Asia and the Rise and Fall of the Japanese Economy

Re-emergence of Asia and the Rise and Fall of the Japanese Economy in Super Long Waves of Capitalist World Systems” (DOI: 10.1080/00472336.2019.1651382) is authored by Nobuharu Yokokawa of the Faculty of Economics at Musashi University, Tokyo, Japan. It is the fifth article for a forthcoming Special Issue on Marxism in Asia, guest edited by Rick Westra.

The abstract states:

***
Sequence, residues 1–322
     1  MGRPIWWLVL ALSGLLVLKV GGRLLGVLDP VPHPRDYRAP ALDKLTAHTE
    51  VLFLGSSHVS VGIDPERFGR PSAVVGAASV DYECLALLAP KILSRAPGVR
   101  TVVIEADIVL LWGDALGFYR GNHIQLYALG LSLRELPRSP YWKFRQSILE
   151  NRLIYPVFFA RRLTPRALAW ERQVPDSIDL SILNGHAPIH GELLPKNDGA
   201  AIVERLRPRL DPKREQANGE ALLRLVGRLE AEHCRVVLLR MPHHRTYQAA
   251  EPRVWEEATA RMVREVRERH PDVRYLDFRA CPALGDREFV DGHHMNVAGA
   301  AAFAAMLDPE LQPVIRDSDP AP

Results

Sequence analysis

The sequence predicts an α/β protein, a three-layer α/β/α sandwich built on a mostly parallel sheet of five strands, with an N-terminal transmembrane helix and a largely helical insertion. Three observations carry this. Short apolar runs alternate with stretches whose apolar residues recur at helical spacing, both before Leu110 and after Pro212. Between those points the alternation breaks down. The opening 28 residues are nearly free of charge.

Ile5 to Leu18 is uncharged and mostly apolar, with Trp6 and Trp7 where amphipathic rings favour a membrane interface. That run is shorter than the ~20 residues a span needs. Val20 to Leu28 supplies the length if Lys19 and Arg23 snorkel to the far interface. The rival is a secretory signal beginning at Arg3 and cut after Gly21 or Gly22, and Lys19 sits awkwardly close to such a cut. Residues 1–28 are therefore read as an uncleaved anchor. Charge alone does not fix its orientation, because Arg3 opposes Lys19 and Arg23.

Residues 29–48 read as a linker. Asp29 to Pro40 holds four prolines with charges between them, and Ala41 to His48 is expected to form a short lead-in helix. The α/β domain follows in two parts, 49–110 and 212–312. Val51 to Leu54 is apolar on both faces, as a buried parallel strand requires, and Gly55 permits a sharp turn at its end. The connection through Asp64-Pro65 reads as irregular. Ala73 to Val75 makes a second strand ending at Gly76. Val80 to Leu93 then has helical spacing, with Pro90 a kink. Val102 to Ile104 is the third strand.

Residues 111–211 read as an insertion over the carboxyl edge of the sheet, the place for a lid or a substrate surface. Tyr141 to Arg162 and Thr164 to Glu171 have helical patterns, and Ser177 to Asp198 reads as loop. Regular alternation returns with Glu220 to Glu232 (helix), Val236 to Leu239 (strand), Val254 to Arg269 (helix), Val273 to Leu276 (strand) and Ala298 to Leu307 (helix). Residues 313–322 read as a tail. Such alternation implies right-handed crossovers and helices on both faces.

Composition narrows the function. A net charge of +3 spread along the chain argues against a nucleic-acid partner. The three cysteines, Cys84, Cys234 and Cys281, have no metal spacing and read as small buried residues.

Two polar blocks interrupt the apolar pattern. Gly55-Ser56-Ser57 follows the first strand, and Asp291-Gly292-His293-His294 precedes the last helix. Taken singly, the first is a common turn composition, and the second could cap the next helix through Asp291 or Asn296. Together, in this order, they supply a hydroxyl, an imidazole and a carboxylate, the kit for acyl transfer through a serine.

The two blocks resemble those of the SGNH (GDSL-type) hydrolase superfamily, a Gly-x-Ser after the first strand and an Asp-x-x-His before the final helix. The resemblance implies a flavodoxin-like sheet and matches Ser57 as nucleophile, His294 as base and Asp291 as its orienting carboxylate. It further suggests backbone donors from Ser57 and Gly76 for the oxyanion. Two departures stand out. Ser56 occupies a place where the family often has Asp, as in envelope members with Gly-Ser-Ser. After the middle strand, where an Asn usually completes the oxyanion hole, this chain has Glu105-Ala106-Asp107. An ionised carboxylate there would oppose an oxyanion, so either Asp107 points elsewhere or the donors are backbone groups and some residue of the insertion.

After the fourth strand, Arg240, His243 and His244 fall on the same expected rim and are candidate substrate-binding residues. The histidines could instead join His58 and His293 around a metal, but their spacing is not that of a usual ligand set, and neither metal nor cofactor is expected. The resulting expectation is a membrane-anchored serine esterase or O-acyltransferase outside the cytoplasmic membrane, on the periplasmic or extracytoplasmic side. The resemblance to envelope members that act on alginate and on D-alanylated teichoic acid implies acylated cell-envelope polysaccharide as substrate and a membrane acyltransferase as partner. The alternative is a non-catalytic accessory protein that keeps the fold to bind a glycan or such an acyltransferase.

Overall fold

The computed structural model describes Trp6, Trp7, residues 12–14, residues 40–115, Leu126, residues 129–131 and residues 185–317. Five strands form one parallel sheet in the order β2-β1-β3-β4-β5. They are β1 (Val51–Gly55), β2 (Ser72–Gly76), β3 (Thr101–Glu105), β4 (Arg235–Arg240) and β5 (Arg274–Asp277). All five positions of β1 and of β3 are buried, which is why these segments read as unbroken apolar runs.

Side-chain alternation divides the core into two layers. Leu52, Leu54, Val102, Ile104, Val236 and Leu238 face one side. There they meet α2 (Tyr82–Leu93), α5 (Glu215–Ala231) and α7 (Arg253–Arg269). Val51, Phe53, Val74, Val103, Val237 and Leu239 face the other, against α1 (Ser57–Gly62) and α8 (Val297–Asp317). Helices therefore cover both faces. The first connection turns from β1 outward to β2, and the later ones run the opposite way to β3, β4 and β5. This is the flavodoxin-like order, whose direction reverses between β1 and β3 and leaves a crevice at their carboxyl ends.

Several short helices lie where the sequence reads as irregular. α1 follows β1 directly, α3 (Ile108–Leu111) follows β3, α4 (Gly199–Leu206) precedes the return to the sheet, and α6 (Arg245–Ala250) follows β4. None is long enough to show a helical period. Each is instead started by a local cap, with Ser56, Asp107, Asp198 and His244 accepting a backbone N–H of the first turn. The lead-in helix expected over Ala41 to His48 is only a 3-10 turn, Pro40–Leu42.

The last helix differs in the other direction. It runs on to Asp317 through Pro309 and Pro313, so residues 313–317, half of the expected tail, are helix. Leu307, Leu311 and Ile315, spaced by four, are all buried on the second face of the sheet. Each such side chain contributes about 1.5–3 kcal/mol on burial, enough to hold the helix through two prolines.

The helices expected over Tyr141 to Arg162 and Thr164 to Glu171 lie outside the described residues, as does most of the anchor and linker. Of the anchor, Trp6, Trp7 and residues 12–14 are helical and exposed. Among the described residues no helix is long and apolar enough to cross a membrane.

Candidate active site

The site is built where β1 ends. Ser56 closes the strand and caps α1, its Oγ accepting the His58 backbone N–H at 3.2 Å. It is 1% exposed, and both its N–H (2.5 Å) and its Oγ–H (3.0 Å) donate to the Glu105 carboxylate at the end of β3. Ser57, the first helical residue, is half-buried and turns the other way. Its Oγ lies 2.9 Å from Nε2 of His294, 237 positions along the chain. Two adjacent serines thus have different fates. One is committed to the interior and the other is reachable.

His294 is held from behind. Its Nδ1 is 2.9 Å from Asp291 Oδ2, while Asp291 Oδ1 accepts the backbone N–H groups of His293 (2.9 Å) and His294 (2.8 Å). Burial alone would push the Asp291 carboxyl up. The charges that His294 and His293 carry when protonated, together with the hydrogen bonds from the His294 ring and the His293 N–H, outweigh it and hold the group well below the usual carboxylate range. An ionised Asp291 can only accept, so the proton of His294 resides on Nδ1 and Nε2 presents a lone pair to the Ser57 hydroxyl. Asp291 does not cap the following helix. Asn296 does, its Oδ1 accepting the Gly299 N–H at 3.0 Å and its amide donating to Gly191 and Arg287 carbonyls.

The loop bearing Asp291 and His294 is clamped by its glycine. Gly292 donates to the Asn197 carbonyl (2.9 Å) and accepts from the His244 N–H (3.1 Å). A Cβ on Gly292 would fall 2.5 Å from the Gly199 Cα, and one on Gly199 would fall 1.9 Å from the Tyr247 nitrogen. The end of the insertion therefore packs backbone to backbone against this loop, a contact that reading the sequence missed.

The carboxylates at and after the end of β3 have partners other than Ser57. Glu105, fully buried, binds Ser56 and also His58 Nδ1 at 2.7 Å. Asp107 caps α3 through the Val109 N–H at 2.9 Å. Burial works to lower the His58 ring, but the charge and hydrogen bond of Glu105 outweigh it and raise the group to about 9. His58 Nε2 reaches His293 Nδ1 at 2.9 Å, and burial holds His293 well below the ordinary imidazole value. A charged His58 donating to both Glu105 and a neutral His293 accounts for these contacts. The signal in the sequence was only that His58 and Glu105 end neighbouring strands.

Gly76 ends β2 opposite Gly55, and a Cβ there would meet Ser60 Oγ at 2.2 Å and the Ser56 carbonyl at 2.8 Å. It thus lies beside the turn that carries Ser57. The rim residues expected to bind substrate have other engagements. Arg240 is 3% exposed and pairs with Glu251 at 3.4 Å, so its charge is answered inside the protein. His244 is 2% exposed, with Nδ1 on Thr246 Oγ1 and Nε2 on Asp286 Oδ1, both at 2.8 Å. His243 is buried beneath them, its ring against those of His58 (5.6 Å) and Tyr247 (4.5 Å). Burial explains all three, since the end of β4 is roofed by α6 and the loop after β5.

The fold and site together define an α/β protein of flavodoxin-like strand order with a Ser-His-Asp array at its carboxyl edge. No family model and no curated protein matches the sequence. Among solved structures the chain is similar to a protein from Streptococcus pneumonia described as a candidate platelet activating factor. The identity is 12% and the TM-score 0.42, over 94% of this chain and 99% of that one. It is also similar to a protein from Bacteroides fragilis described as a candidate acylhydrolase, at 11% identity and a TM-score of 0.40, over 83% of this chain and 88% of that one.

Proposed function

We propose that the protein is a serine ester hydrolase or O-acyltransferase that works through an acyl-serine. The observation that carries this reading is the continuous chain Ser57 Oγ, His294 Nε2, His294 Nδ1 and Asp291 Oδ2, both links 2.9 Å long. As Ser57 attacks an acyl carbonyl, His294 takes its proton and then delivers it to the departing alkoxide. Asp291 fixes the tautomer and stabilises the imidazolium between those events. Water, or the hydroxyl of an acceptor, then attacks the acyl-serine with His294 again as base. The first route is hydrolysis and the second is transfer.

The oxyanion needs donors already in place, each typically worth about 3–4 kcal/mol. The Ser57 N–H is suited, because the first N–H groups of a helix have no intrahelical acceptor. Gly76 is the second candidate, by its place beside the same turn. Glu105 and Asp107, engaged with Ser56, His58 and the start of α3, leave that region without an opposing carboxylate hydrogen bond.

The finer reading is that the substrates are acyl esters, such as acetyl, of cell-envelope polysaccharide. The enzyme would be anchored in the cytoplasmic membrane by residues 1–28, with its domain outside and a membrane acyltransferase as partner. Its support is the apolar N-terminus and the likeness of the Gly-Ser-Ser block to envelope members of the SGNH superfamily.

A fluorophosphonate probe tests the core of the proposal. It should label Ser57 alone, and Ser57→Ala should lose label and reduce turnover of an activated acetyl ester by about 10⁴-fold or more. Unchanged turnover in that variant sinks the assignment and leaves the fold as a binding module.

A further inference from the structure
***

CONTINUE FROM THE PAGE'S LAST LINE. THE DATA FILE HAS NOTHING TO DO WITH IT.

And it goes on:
After the global financial crisis of 2007–2008, we are facing the beginning of the end of the post-war capitalist world system. The 1920s was in the middle of the social, political and economic interregnum, a period of discontinuity in the social order, accompanied by widespread unrest, wars and power vacuums. In this article, that framework of the long and super long waves in the capitalist world systems is used to examine the recent interregnum that marks the re-emergence of Asia. Within the framework of the long and super long waves a new “flying geese” theory is built by incorporating the theory of dynamic industries with Akamatsu’s theory. In the 1980s, Japanese integral production architecture improved quality and productivity in the automobile and electrical machinery industries. In the 1990s, the USA’s open modular production architecture enabled China’s compressed industrialisation, and the China-centric Asian production network replaced the Japan-led Pacific Rim triangular trade regime. In the 2000s, the knowledge-and technology-intensive (KTI) industries have established themselves as the new dynamic industries. The USA is the leading country to develop KTI industries. China is catching up quickly and has leapfrogged Japan in KTI industries. In conclusion, it is argued that these changes mark an approaching second interregnum.

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